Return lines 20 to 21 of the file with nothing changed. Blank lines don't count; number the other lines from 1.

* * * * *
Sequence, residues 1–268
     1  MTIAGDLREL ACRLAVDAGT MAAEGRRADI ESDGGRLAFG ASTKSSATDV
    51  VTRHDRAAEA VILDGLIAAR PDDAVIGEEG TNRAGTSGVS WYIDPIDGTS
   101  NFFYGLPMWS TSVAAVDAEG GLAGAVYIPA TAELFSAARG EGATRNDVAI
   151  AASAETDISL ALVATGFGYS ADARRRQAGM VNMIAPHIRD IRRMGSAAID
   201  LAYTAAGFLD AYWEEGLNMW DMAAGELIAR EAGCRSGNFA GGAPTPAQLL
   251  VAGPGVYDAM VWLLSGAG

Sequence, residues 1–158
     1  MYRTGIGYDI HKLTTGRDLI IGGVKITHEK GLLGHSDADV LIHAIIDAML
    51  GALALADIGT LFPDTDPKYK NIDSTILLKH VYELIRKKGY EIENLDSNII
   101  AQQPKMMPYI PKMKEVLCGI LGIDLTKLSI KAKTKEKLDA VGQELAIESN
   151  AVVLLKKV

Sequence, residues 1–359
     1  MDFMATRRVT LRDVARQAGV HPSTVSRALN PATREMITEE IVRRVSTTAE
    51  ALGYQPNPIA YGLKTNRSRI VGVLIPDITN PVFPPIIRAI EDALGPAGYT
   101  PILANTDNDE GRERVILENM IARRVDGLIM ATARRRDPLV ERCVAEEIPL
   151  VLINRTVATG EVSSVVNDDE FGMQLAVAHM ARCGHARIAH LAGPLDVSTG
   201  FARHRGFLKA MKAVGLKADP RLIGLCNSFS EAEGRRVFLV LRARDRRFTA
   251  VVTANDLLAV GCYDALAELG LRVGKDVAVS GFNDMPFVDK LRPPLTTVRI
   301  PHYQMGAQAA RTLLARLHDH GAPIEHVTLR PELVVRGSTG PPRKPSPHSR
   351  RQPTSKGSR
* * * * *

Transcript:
   301  PHYQMGAQAA RTLLARLHDH GAPIEHVTLR PELVVRGSTG PPRKPSPHSR
   351  RQPTSKGSR